I had the privilege of being a speaker at the launch event of the Liberation Movement which has sprung from the Grassroots Black Left (GBL) initiative in conjunction with other groups. I was there primarily because I’m known a little within the black community for my work on policing, but I also wanted to discuss the growing understanding that environmental justice and social justice go hand in hand.
The Liberation Movement has been formed in reaction to the rise in racism nationally, with people of colour being not only marginalised but actively targeted as part of the government’s ‘hostile environment’.
I pointed out that the discussions at COP26 are not just a question of saving the planet, they are also about justice and fairness. For example, in our towns and cities, lower paid, more vulnerable groups are often living in low rent properties on busy main roads, with the worst levels of air pollution. This affects their health and wellbeing. The death of Ella Kissi-Debrah was linked to the excessive pollution on the south circular road which she and her family lived close to. Her mother, Rosamund Adoo-Kissi-Debrah, has since won a huge fight simply to get recognition of that link on Ella's death certificate. Rosamund fought the government in the courts and stood as a Green Party candidate in order to seek justice.
Many people are forced to become campaigners and to challenge the system because of life circumstances, yet they have for decades become the focus of attention by the Special Branch and the police.
Doreen Lawrence battled for justice after the death of her son Stephen Lawrence. Her campaign was spied upon by undercover police - wasting police time that could have been spent looking for his murderers. Among others spied on by the police were the campaigns over the death of Jean Charles de Menezes, the Brazilian electrician shot repeatedly in the head in 2005 by police after being mistaken for a suicide bomber, and Cherry Groce, whose shooting by police two decades earlier, in 1985, sparked the Brixton riots.
The same police unit that spied on these campaigners for justice was also spying on environmental campaigners and trade unionists. The information from police spies led to people being sacked for kicking up a fuss about health and safety issues, with those workers losing their livelihoods and some having to move abroad to work. And although it didn't hamper my political work, I was labelled a 'domestic extremist' and put on a database with thousands of others who had committed no crime, and my activities logged.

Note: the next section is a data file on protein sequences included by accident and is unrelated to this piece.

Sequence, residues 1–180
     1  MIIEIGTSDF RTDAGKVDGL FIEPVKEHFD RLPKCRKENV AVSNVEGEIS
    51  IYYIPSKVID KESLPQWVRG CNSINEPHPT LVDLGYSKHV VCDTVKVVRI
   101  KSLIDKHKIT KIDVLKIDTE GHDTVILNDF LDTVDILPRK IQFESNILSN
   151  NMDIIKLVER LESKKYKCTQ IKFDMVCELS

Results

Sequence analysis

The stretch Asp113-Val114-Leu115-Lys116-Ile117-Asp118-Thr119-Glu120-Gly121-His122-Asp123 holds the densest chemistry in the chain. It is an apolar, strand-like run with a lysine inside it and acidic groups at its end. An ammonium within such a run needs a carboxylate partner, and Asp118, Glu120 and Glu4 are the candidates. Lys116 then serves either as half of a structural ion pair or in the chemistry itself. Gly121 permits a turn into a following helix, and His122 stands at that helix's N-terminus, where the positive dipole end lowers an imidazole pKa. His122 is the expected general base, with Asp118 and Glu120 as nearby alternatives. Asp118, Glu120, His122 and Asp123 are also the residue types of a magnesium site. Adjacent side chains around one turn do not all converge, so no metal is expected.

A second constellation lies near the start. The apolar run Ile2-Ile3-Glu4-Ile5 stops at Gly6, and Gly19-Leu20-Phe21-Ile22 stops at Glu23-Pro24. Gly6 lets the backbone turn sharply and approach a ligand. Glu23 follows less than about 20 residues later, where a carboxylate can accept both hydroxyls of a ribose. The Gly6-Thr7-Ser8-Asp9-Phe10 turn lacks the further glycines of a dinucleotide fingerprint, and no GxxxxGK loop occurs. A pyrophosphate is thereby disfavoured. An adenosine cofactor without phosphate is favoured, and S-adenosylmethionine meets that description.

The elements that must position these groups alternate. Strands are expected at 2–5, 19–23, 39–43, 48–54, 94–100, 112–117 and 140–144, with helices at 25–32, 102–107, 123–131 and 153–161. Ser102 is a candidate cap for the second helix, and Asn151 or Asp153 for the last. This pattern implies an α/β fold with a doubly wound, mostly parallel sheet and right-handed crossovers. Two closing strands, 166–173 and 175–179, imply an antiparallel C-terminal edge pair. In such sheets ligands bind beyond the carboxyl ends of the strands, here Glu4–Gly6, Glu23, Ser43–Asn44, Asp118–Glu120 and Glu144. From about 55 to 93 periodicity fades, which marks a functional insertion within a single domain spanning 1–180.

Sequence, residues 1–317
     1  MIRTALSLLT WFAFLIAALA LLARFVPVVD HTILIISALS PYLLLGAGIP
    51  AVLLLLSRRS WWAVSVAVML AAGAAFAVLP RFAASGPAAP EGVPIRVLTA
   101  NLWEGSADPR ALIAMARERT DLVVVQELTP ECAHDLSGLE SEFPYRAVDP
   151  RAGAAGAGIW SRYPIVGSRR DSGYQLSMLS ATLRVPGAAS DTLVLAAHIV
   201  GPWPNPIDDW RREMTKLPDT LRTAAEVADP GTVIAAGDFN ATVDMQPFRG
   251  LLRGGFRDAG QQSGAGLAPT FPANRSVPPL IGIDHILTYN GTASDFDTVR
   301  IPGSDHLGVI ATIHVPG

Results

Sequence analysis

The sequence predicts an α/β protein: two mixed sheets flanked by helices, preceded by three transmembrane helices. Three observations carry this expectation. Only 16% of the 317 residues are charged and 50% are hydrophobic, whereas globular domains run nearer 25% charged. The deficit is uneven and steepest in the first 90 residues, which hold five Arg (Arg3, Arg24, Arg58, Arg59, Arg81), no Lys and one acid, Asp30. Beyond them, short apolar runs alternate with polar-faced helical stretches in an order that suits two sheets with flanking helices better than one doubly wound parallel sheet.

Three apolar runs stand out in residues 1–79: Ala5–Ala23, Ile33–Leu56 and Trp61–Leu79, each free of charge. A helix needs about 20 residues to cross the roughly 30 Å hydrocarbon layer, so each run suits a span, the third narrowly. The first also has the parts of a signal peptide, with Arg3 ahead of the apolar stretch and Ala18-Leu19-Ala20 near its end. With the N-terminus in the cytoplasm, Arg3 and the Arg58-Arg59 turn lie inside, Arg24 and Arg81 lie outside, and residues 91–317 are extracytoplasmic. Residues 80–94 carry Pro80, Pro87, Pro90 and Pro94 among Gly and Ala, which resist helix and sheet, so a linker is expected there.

These are dangerous times. We have a rise in stop and search, which inevitably hits the black community harder. We have escalating taser use. The hostile environment led directly to the Windrush scandal and the notorious deportation flights. In order to enforce these racist policies, the authorities attempted to use anti-terrorism legislation against the campaigners who blocked one of the airplanes.
In response to these scandals being exposed we have had even more draconian policies, rather than reform. We've had legislation passed that allows over 500 senior police officers to authorise the deployment of undercover police or spies to target any campaign. Plus those undercover police and informers now have legal immunity. We have the Police and Sentencing Bill coming up that muffles the right to protest. We have the idea of voter ID and voter exclusion being imported from the deep south of the USA. We have corruption cover ups and a loss of democracy.
The need for unity and reaching out has never been greater. We need a united front in favour of democratic rights to deal with a corrupt system, with Proportional Representation as the lead demand. That is the only way we are going to shift this corrupt government out of office.
The consequences of losing that struggle for a fairer, more equal future is that corporate greed destroys the planet and takes us with it.
The Green cause and the Liberation cause are international causes because the solutions all require the world to take action. We know that the poorest people around the world will be hit hardest and hit soonest, whether it is flooding or drought. Just like the people living on the poorest side of town, those living in the most fragile environments globally will suffer most.
That is why environmental justice and social justice go hand in hand if everyone is to have a future worth living.